Throughout generations, things change. For example, some of the social graces practically no longer exist, such as standing when a woman enters a room or a man removing headgear while inside. Just two small examples of change over the years.
During the recent Fourth of July celebrations, a thought came to mind — what would it be like to plop the signers of the Declaration of Independence and the framers of the Constitution into America today. Surely, they would be awed by the technology of our day. None of them would live long enough to see a telephone, let alone anything close to what we carry around with us today. They walked or used a beast of some sort for transport; we have trains, automobiles, planes (not to mention rocket ships to outer space). The farm machinery used by our founding fathers was the same as the farm equipment used by the Apostles. Today, some farm machinery is as large as a small house and drives itself, guided by satellites. It is a different world.
I wonder what they would think of the violence in our streets. According to the Criminal Justice Research Center, there were 1,077 homicides in the Colonies from 1630 to 1797, a period of 167 years. Because of the passing of time and the loss of records, I am sure there were a few more, but it is improbable the number would reach 2,000. In comparison, as of the end of June, there were 336 homicides in Chicago this year alone. From 2013 to 2020, the city of Chicago saw 4,127 homicides.
Some will protest my comparison of homicides in colonial days with modern times because of the advancement in weapon technology and population increase. My answer to that is that I am comparing almost two centuries to eight years. Some may say it is easier to kill someone today than it was 200-to-400 years ago. Murder weapons in the colonies consisted of muskets, tomahawks, knives, whips, axes, among other things. The bottom line is this — regardless of the weapon used, an individual has to have murder in their heart and a moral code that permits them to take a life. The moral code has changed within the hearts of many Americans since 1776.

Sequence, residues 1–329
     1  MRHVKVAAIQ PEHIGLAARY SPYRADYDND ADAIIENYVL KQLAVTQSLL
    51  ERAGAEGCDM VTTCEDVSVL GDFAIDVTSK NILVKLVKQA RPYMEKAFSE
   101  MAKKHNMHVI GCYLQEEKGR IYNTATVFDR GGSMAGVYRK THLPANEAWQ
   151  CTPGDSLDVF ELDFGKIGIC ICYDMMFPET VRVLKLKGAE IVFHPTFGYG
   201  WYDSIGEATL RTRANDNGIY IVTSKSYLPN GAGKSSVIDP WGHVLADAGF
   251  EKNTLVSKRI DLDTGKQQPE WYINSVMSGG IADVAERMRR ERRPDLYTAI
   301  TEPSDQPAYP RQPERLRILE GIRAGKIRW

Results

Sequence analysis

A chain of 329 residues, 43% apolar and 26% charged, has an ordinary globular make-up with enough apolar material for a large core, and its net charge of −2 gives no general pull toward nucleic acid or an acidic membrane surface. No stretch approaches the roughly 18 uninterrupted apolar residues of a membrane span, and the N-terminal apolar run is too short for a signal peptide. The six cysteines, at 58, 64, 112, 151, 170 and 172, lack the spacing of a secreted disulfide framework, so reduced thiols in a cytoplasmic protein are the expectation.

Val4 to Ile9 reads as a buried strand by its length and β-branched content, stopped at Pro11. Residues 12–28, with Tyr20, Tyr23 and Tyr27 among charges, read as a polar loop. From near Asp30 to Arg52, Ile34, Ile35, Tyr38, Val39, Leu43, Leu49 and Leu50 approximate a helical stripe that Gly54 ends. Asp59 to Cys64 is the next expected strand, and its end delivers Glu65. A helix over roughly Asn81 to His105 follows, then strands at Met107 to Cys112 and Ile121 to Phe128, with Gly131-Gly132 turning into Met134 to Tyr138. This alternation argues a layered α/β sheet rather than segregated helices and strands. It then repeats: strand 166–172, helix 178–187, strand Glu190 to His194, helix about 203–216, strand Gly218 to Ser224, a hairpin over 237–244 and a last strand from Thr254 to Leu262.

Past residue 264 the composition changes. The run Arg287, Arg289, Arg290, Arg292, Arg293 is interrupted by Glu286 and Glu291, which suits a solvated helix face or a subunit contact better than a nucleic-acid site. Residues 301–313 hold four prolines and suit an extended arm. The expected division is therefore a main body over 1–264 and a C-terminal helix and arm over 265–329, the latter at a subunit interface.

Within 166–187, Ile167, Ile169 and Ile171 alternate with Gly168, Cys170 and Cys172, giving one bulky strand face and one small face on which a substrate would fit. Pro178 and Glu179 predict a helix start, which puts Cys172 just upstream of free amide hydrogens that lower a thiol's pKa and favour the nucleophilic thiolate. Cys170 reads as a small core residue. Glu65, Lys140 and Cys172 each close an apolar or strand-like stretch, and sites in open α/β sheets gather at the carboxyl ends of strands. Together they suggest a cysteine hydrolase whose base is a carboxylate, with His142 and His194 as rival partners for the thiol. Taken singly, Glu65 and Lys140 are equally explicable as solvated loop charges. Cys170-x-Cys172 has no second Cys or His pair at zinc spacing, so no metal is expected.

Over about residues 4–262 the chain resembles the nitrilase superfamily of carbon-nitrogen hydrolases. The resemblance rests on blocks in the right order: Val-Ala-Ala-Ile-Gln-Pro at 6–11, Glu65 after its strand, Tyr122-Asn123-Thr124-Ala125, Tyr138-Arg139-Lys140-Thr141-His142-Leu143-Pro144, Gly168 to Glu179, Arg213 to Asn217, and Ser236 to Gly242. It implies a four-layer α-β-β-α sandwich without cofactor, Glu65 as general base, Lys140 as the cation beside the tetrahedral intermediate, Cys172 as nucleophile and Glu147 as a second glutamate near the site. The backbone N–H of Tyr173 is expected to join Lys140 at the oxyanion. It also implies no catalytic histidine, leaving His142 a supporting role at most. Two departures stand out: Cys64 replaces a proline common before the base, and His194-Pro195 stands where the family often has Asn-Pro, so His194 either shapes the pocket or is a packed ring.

The Founding Fathers were sinners like everyone else, but what would they think of the complete flip in the moral code?
If the creators of the nation could visit us today, would they stick their chests out saying, “Look at how far we have come!” or would they drop to their knees in tears, crying out, “Look at how much we have lost!”
Listen to the words of our founding fathers and what they thought of the nation they were creating.
“The general principles on which the Fathers achieved independence were the general principles of Christianity.” – John Adams, Signer of the Declaration of Independence; judge; diplomat; one of two signers of the Bill of Rights; Second President of the United States.
“In the chain of human events, the birthday of the nation is indissolubly linked with the birthday of the Savior. The Declaration of Independence laid the cornerstone of human government upon the first precepts of Christianity.” – John Quincy Adams, Sixth President of the United States; diplomat; Secretary of State; U.S. Senator; U.S. Representative.
“The great pillars of all government and of social life [are] virtue, morality, and religion. This is the armor, my friend, and this alone, that renders us invincible.” – Patrick Henry, Revolutionary General; Legislator; “The voice of liberty;” Ratifier of the US Constitution; Governor of Virginia.
“Providence has given to our people the choice of their rulers, and it is the duty as well as the privilege and interest of our Christian nation, to select and prefer Christians for their rulers.” – John Jay, President of Congress; Diplomat: Author of the Federalist Papers; original Chief Justice of the U.S. Supreme Court; Governor of New York.
The following three quotes are from Benjamin Rush, known as the “Father of public schools under the Constitution.” Read what he said about the Bible in schools.
“[T]he only means of establishing and perpetuating our republican forms of government is the universal education of our youth in the principles of Christianity by means of the Bible.”
“The great enemy of the salvation of man, in my opinion, never invented a more effective means of limiting Christianity from the world than by persuading mankind that it was improper to read the Bible at schools.”
“The Bible, when not read in schools, is seldom read in any subsequent period of life… [T]he Bible… should be read in our schools in preference to all other books because it contains the greatest portion of that kind of knowledge which is calculated to produce private and public happiness.”
Lastly, John Adams said something that every American should ponder.
“Our Constitution was made only for a moral and religious people. It is wholly inadequate to the government of any other.”
In our current moral state, can the Constitution govern us? If our morals continue to decline, how many years before our Constitution becomes inadequate?